c. Household size

In calculating regional housing needs, Metro estimated that households will average 2.385 people per household over the next 20 years. Petitioners object to the use of that figure, arguing that simple calculation demonstrates that, in fact, the average number of people per household over the last 20 years has been 2.52.

So far as we can tell, petitioners did not raise that issue before LCDC, and LCDC did not address it. We reject the argument without further discussion.

2. Particular study areas

We turn to petitioners' contentions that, even if additional land is needed to accommodate anticipated growth in the next 20 years, LCDC erred in concluding that Metro properly included various specific parcels of land--"study areas"--within the proposed expanded UGB as the means of meeting that need. In general, each of the petitioners contends that inclusion of a particular study area is inappropriate after considering various statewide planning goals.

a. Study Area 24

Petitioners Hungerford and Cohn-Lee contend that LCDC erred in approving Metro's decision to include Study Area 24, located on the eastern edge of Oregon City, within the amended UGB. It is an area that contains several streams and areas of steep slopes. According to petitioners, including Study Area 24 is inconsistent with Statewide Planning Goals 1, 6, 7, and 12.

We begin with petitioners' Goal 1 argument. Goal 1 and LCDC's implementing rules call for citizen involvement "in all phases of the planning process." In this case, Metro sent individual notices to 105,000 property owners and sent 120,000 utility inserts to area ratepayers several months before its decision, advising the public of the decision-making process and the opportunities for public input. Petitioners argue that citizen participation in the Metro planning process was essentially a sham because the actual decisions were "based upon discussions that citizens were not notified of or invited to" and were "rubber-stamped" by Metro.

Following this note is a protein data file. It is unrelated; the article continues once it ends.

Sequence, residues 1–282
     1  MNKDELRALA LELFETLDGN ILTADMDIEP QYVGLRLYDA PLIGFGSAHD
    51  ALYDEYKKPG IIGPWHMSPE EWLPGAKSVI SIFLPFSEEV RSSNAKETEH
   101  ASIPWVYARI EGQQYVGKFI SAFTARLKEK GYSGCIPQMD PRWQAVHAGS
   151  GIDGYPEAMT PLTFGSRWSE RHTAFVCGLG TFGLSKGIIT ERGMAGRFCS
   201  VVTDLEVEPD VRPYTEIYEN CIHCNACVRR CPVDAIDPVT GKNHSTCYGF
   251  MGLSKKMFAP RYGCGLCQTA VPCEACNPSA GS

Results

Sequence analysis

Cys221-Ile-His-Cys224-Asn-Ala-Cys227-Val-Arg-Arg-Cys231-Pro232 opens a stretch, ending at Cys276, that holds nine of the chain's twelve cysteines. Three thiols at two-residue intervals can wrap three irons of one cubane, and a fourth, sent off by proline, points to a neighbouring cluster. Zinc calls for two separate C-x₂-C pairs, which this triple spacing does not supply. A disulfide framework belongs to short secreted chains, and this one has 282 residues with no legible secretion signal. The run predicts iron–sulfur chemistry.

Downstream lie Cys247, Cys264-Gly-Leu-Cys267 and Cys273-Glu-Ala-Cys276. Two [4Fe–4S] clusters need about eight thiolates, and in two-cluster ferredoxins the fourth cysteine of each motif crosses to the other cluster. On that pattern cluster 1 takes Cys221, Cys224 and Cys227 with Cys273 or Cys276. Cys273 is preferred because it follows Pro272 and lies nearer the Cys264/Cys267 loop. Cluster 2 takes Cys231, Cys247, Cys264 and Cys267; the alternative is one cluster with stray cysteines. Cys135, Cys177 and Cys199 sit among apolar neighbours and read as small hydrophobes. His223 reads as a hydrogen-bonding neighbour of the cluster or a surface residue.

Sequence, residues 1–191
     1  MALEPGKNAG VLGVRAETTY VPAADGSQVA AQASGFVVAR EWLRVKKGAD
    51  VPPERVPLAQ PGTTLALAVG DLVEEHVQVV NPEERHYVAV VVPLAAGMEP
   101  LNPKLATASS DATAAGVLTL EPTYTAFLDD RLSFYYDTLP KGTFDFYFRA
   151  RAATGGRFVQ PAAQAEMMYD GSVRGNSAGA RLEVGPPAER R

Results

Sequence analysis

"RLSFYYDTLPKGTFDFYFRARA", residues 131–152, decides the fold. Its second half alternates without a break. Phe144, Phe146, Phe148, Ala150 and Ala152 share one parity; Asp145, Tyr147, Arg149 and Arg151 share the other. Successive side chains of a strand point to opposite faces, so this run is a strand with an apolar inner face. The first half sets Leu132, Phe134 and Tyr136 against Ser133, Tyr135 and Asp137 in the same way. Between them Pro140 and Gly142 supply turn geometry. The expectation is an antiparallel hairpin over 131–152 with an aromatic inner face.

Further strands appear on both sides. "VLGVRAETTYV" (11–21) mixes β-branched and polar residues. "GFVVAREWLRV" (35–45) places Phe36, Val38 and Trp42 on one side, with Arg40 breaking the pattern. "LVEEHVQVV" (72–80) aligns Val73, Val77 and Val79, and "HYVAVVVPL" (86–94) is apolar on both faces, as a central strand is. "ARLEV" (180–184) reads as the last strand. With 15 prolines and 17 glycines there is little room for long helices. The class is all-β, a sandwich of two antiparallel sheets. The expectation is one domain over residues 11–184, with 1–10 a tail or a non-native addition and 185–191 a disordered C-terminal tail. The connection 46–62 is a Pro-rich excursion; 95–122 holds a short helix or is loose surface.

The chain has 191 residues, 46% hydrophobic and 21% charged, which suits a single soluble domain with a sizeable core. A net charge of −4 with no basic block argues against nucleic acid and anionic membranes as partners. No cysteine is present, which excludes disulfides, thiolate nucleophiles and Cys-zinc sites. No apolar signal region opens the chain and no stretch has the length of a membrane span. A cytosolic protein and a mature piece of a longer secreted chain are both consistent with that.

LCDC rejected the Goal 1 challenge after concluding that Metro complied with all process required by law. Petitioners have not suggested any basis for concluding that LCDC erred in that regard, and we reject their argument without further discussion.

We turn to petitioners' argument that including Study Area 24 in the UGB is contrary to Goals 6 and 7. Goal 6 is "[t]o maintain and improve the quality of the air, water and land resources of the state." Goal 7 is "[t]o protect people and property from natural hazards." Petitioners argue that including Study Area 24 in the UGB contradicts both of those goals in that the area is "geographically challenged due to steep slopes and natural resource issues." Petitioners complain that Metro failed to study or consider the effects of including Study Area 24 on wildlife, erosion, and water resources.

Metro insists that, in fact, it did study those effects in its "2002 Alternatives Analysis" and that, on the basis of that study, it weighed the consequences of urbanization in the study area against all the other locational factors required under Goal 14. LCDC accepted that analysis and concluded that Metro complied with all of the applicable goals.

In our view, petitioners have failed to demonstrate that LCDC erred. They have not demonstrated that LCDC was mistaken in determining that there was substantial evidence as to any relevant findings. And they have failed to demonstrate that LCDC erred in construing or applying any applicable law or goal. Their argument is that, because Study Area 24 is "geographically challenged," it cannot be included within a UGB. Nothing in the Statewide Planning Goals says that. The fact that a particular study area poses particular environmental challenges is an important consideration, to be sure, but it is just that--a consideration to be weighed with all the others required by the goals and applicable law.

There remains petitioners' Goal 12 argument. Goal 12 is "[t]o provide and encourage a safe, convenient and economic transportation system." Petitioners contend that including Study Area 24 within the UGB runs afoul of that goal because the real reason for including the study area is to provide land for a connector road when the need for the road has never been established. In fact, petitioners contend, building such a connector road would exacerbate traffic problems in the study area.

Metro contends that the need for a connector road is only one factor that it considered in deciding to include Study Area 24 and that, in any event, substantial evidence supports the determination that such a road is, in fact, needed.